"A lie can travel half way around the world while the truth is putting on its shoes." –Mark Twain "
~"If that's not sufficient for you go soak your head."~Faith
Whoever trusts in his own mind is a fool, but he who walks in wisdom will be delivered.~Proverbs 28:26

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Phat
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From: Denver,Colorado USA
Joined: 12-30-2003
Member Rating: 1.8


Message 8 of 54 (797221)
01-15-2017 11:50 AM
Reply to: Message 1 by LamarkNewAge
01-13-2017 4:29 PM


LNA writes:

I'm not a scientist but it is amazing that we seem to have stunning cumulative evidence

Evidence of what? More to the point...how is this a Faith topic? What is it that the evidence will strengthen your faith in?


Chance as a real force is a myth. It has no basis in reality and no place in scientific inquiry. For science and philosophy to continue to advance in knowledge, chance must be demythologized once and for all. –RC Sproul
"A lie can travel half way around the world while the truth is putting on its shoes." –Mark Twain "
~"If that's not sufficient for you go soak your head."~Faith
Whoever trusts in his own mind is a fool, but he who walks in wisdom will be delivered.~Proverbs 28:26

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Porosity
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Message 9 of 54 (797223)
01-15-2017 12:10 PM
Reply to: Message 8 by Phat
01-15-2017 11:50 AM


Evidence of what? More to the point...how is this a Faith topic? What is it that the evidence will strengthen your faith in?

Exactly.. Faith does not require evidence, all you need to do is believe real hard and zombies are real.


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Tangle
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Message 10 of 54 (797224)
01-15-2017 12:31 PM
Reply to: Message 7 by Phat
01-15-2017 11:46 AM


Re: Conclusion
Phat writes:

To be honest, what annoys me is not the research so much as LNA's search for nonsense.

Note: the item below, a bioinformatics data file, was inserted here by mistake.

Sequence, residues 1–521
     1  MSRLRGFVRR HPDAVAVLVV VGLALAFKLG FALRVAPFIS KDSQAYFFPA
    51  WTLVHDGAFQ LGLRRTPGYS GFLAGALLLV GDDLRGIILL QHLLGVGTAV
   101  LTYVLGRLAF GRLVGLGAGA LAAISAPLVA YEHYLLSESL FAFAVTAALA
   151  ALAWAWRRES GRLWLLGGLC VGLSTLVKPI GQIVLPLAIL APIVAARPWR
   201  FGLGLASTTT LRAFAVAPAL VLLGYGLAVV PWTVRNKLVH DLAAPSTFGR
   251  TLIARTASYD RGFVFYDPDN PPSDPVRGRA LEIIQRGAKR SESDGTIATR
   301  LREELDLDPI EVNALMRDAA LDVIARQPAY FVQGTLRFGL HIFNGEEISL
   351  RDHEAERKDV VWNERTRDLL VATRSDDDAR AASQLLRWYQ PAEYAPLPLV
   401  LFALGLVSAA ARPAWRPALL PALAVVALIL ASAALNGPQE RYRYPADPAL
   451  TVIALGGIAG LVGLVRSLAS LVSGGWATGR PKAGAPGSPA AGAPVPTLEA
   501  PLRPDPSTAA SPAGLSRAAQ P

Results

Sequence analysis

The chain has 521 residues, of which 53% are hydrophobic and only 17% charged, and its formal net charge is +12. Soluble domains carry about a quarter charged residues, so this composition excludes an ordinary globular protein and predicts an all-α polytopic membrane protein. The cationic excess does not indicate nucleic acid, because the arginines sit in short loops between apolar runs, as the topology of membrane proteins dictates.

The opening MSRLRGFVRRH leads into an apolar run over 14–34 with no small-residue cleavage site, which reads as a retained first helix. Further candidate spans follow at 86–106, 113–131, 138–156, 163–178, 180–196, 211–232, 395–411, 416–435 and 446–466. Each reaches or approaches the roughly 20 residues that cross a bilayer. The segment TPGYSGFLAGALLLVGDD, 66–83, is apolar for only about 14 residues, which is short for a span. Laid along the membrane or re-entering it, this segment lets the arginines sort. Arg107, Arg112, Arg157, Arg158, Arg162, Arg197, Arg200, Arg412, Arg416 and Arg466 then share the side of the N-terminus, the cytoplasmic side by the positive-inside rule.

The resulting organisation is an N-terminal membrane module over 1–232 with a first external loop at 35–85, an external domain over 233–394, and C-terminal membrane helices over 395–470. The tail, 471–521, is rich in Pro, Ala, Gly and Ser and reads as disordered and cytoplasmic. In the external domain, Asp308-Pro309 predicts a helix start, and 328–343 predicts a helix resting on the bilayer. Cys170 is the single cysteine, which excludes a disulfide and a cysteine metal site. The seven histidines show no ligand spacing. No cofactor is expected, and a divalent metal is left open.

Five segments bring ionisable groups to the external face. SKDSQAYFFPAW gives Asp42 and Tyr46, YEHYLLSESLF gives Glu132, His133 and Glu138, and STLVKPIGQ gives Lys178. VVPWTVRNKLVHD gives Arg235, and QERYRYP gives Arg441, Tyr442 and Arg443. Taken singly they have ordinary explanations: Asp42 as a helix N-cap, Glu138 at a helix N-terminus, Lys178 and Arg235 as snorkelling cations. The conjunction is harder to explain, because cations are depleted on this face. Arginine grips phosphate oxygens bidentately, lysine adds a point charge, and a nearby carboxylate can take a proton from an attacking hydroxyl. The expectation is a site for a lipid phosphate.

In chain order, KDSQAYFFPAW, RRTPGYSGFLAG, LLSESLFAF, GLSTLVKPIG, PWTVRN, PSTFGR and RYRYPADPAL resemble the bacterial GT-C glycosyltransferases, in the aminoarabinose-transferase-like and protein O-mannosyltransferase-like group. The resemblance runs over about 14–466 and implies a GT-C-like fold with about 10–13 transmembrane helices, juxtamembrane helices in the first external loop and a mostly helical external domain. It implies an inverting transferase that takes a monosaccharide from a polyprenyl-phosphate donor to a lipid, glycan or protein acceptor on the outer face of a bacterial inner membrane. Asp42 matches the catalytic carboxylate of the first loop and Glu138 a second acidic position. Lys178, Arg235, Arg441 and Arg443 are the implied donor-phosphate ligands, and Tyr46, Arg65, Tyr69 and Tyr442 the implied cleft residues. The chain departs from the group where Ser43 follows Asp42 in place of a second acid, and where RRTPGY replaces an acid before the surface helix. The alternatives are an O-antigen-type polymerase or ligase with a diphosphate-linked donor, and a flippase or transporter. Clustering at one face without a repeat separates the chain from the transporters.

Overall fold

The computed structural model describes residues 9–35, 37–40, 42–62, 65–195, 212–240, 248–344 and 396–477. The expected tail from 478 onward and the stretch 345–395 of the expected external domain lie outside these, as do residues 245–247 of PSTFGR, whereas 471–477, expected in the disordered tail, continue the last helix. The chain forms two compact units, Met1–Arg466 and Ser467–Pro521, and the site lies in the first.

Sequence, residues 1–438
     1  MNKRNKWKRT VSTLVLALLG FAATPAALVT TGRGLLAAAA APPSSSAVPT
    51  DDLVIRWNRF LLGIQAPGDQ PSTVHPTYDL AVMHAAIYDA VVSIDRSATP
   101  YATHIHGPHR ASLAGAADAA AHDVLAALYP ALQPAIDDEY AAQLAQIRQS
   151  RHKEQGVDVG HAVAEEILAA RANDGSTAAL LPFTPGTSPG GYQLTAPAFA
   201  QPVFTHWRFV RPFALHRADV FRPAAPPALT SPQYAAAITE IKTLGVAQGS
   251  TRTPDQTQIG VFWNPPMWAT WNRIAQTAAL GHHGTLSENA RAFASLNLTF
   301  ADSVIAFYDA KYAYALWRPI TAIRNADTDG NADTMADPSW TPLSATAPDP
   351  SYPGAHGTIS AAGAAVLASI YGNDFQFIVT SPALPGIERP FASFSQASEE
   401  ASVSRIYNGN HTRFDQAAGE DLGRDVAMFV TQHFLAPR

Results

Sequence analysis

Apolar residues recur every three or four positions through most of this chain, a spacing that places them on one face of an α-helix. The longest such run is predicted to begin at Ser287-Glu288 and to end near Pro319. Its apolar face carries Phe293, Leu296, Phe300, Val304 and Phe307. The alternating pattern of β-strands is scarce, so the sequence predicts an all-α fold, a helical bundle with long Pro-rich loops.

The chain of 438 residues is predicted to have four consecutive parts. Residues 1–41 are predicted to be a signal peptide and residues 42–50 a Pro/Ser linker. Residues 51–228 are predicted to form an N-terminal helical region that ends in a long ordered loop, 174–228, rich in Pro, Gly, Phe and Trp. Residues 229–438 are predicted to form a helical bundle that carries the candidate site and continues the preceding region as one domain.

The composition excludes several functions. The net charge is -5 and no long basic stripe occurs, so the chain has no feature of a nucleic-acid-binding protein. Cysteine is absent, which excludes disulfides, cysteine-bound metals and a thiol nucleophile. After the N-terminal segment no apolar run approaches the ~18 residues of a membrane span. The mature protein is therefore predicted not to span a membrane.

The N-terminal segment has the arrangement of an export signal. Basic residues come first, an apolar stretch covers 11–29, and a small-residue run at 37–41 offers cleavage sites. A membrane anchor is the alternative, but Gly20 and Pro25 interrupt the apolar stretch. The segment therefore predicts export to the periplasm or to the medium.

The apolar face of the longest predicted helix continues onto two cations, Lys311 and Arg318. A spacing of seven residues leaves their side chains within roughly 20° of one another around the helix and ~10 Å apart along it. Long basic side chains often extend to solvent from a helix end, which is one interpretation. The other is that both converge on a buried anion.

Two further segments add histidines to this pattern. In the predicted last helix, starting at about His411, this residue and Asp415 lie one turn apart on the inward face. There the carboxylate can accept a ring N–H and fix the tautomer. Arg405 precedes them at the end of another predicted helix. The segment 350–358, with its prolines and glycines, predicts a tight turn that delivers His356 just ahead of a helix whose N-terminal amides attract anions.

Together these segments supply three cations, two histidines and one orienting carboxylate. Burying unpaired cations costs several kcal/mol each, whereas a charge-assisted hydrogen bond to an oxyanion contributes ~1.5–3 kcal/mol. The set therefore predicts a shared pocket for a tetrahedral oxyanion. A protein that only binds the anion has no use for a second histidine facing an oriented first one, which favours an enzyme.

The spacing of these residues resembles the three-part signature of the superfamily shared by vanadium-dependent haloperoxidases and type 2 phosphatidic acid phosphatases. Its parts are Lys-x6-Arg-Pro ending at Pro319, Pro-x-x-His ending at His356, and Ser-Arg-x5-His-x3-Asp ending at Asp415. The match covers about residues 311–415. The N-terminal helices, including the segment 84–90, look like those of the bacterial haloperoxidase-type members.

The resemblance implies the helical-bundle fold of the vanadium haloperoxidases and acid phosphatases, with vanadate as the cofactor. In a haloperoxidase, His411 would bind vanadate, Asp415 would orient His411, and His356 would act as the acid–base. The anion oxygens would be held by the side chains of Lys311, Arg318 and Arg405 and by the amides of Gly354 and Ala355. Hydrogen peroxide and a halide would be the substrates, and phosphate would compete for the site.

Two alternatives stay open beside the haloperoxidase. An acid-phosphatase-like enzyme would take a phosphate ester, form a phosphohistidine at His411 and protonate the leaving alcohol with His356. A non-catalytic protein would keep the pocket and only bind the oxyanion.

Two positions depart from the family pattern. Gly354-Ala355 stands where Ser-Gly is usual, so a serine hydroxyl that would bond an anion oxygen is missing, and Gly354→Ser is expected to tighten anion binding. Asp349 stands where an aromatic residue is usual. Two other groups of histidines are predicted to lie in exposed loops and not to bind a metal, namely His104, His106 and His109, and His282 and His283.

I can agree with that :-)

Reality does not originate in our own minds either.

Well no, it originates outside our minds and is interpreted within them.

Beliefs originate from the acceptance or denial of the object of belief.

I can't make that make sense for me I'm afraid. But the distinction is that a belief is ONLY in the mind - it doesn't exist anywhere else. Unlike, say a 2,000 year old tomb.


Je suis Charlie. Je suis Ahmed. Je suis Juif. Je suis Parisien.

"Life, don't talk to me about life" - Marvin the Paranoid Android

"Science adjusts it's views based on what's observed.
Faith is the denial of observation so that Belief can be preserved."
- Tim Minchin, in his beat poem, Storm.


This message is a reply to:
 Message 7 by Phat, posted 01-15-2017 11:46 AM Phat has acknowledged this reply

  
Phat
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Posts: 9284
From: Denver,Colorado USA
Joined: 12-30-2003
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Message 11 of 54 (797225)
01-15-2017 3:28 PM
Reply to: Message 9 by Porosity
01-15-2017 12:10 PM


Faith and Science
are you suggesting that all make believe stuff is in the same category? If so I agree...all the stuff that humans invented through stories. Of course, this argument carries over to beliefs within organized religions....in which case I would recommend you go with jars philosophies as no God is even required in order to do them.

Or just go with Stile and try and find your own world view.

My view is that this stuff is not made up. Of course, I have no way of proving this to you guys, and quite frankly I'm beginning to think I'm wasting my time trying.


Chance as a real force is a myth. It has no basis in reality and no place in scientific inquiry. For science and philosophy to continue to advance in knowledge, chance must be demythologized once and for all. –RC Sproul
"A lie can travel half way around the world while the truth is putting on its shoes." –Mark Twain "
~"If that's not sufficient for you go soak your head."~Faith
Whoever trusts in his own mind is a fool, but he who walks in wisdom will be delivered.~Proverbs 28:26

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Porosity
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Posts: 104
From: MT, USA
Joined: 06-15-2013
Member Rating: 4.7


Message 12 of 54 (797227)
01-15-2017 4:04 PM
Reply to: Message 11 by Phat
01-15-2017 3:28 PM


Re: Faith and Science
That's why we have science.
If you can't science that shit, then there's a good chance it's made up and you're probably wasting your life away to a delusion.
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Tangle